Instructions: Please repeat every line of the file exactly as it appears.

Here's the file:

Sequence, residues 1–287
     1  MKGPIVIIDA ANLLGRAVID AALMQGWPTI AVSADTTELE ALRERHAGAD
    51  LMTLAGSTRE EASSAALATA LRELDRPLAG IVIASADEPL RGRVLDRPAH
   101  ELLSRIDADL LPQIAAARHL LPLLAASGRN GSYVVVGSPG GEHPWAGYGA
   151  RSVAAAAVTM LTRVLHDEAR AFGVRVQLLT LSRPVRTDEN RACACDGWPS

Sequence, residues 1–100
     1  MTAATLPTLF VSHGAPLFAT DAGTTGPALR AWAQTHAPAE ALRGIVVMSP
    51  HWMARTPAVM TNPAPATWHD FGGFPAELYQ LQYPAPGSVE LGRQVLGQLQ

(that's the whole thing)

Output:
Sequence, residues 1–287
     1  MKGPIVIIDA ANLLGRAVID AALMQGWPTI AVSADTTELE ALRERHAGAD
    51  LMTLAGSTRE EASSAALATA LRELDRPLAG IVIASADEPL RGRVLDRPAH
   101  ELLSRIDADL LPQIAAARHL LPLLAASGRN GSYVVVGSPG GEHPWAGYGA
   151  RSVAAAAVTM LTRVLHDEAR AFGVRVQLLT LSRPVRTDEN RACACDGWPS

Sequence, residues 1–100
     1  MTAATLPTLF VSHGAPLFAT DAGTTGPALR AWAQTHAPAE ALRGIVVMSP
    51  HWMARTPAVM TNPAPATWHD FGGFPAELYQ LQYPAPGSVE LGRQVLGQLQ